Tsukigase Zairai Sencha / 月ヶ瀬在来煎茶
Tsukigase Zairai Sencha / 月ヶ瀬在来煎茶
Tsukigase Zairai Sencha / 月ヶ瀬在来煎茶
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Tsukigase Zairai Sencha / 月ヶ瀬在来煎茶

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Tsukigase Zairai Sencha makes the taste of water becomes very soft and its aftertaste is very strong. Even if you briefly brew this tea, you can still feel its after taste.

Tsukigase Zairai does not give typical Japanese green tea flavor. Most of the Japanese green tea gives the typical sweet flavor. This flavor comes from the large amount of amino acid inside the tea leaf. Amino acid is produced if nitrogen-based fertilizer is applied on tea tree. The more nitrogen-based fertilizer is being applied, the faster the tea grows and more amino acid is composed. This amino acid is called theanine. When tea is baked at the finishing process called Shiage;, amino acid reacts with sugar and forms typical kind of flavor on account of Maillard reaction. It is the same mechanism as creating the aroma of hot cake.

Without nitrogen-based fertilizer, tea grows at very slow speed. Tea will then composes more polyphenols, and more minerals will be accumulated inside the leaf. Tsukigase Zairai is planted without applying any fertilizer. That's why it is rich in minerals and polyphenols. For this kind of tea, it gives very refreshing flowery flavor because it has very less amino acid. If you brew this tea with short infusion, the taste is just like Taiwan oolong tea.

Tsukigase is rich in red soil

Tsukigase Zairai Sencha is produced in Nara prefecture, at Tsukigase village. But recently due to the government's policy, this village was merged into Nara city. Tsukigase is developed along Nabari river (名張川). This river flows through Kyoto and finally reaches Osaka. The name of the river also changed from Nabari river to Kizu river and Yodo river when river runs through different places. In the history, the river was used for logistics. Naturally all tea gardens were developed along this river, and the city located at down stream was the main market of the tea. As I mentioned earlier, the down stream of this river is Kyoto. Historically the tea produced along this river, including Tsukigase Zairai Sencha, was sold as Uji Sencha. Only a few years ago, due to the changes of the regulations by health ministry in Japan, they stopped calling it Uji Sencha. Nowadays, tea produced in Nara is called Yamato Cha. Yamato is the Nara's ancient name, and once upon a time, it was the oldest capital city of Japan back in AC 794.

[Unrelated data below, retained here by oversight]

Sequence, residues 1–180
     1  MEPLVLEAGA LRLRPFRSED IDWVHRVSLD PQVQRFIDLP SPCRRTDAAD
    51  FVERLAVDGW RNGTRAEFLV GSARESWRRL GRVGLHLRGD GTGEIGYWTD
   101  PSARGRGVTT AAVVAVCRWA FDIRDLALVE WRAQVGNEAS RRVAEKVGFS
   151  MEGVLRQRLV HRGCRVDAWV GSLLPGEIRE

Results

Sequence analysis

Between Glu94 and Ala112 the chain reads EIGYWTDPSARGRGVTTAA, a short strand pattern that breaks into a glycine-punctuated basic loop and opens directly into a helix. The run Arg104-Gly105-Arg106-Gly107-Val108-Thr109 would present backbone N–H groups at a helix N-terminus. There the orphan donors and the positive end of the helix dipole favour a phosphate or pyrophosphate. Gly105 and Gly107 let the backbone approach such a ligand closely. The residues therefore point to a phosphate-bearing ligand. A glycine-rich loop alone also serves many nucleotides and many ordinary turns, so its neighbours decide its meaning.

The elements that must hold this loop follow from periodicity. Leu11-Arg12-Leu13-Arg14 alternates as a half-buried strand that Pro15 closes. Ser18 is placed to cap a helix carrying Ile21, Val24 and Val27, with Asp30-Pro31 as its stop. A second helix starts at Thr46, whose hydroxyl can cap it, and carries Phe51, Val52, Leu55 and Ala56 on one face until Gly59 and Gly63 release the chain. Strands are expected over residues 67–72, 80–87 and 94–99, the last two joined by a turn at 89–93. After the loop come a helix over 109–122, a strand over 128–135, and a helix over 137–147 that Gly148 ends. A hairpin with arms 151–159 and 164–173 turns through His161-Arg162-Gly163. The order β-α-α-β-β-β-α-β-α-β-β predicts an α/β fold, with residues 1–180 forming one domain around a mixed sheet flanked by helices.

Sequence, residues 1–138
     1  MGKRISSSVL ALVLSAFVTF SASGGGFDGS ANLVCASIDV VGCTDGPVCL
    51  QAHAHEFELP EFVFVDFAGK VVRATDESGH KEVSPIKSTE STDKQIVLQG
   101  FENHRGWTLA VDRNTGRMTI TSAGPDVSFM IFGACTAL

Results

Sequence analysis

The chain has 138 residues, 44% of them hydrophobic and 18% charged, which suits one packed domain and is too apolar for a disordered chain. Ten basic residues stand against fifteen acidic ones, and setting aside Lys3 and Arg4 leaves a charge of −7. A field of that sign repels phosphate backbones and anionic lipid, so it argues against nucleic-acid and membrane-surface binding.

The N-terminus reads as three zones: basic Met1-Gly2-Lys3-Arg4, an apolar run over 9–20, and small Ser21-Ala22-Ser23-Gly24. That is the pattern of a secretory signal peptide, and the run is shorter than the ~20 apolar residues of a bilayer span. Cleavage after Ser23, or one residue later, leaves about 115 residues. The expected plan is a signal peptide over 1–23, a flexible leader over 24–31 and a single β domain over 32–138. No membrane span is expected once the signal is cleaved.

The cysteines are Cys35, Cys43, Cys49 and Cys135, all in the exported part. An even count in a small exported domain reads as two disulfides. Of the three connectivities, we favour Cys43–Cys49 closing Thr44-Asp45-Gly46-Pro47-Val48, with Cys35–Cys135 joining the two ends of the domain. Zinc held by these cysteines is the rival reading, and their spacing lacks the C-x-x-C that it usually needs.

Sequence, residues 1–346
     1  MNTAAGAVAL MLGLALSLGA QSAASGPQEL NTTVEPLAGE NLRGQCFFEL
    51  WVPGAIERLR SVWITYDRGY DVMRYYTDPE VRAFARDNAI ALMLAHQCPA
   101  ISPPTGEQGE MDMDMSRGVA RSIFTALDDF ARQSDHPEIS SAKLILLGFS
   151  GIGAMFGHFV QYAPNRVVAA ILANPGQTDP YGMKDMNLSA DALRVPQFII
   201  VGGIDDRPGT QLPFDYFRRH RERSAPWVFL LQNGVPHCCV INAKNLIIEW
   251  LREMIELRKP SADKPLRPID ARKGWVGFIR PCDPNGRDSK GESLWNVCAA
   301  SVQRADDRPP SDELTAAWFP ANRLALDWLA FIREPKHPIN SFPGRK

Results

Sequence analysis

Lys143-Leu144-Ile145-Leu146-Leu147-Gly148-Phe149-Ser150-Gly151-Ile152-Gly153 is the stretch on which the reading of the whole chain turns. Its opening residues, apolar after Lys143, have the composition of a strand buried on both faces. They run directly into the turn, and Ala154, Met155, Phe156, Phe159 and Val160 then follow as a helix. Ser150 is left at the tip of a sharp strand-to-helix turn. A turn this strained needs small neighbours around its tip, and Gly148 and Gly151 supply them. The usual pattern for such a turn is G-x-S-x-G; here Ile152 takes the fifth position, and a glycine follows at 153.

Tsukigase used to be the bottom of Biwa Lake

Tsukigase is situated at the border of three prefectures, Nara (奈良), Kyoto (京都) and Mie (三重). Once upon a time, the Bira lake (琵琶湖)was much larger than now. Tsukigase area was at the bottom of this lake. As time passed by, the land rose and formed the present geographical feature. This is the reason that Tsukigase is very rich in red clay. In fact, Tsukigase is very near to Iga and Shigraki. Both places are known to produce very fine red clay in the history. From Tsukigase, it takes only a few minutes to reach Iga. Tsukigase tea has such good quality is mainly because of the red clay.


However, in Tsukigase, the fine soil only exist in certain areas. It is because of the specific geographical structure in Tsukigase. Very long time ago, the land might be flat and the top layer was rich in red clay. The gradual encroachments by Nabari river upon the land had formed the river terrace. As a result, the fine red soil only exists on the upper layer. The intermediate layer consists of red soil and sand, while the bottom layer has only white sand. Therefore, we only look for tea from tea garden situated at the highest level. I have also tasted tea produced from lower layer. As I anticipated, it tastes very flat and very light in aroma.

The following diagram shows the distribution of respective soil on the river terrace.


Zairai Tea

Tsukigase Zairai Sencha is literally produced from Zairai. In Japanese language, Zairai means native from Japan. However tea is not the native plant in Japan. We regard Zairai as the seed grown tea. It has very long roots under the ground and it effectively absorbs minerals. If both Zairai and ordinary modern cultivar, such as Yabukita is produced under the same condition, definitely Zairai gives better quality. Zairai was planted by the seedling and it undergone complex natural hybridization. In a way, there are various kinds of genetic trait among Zairai. If we carefully look at the tea trees, each tree is different in terms of the shape of leaf, size and color.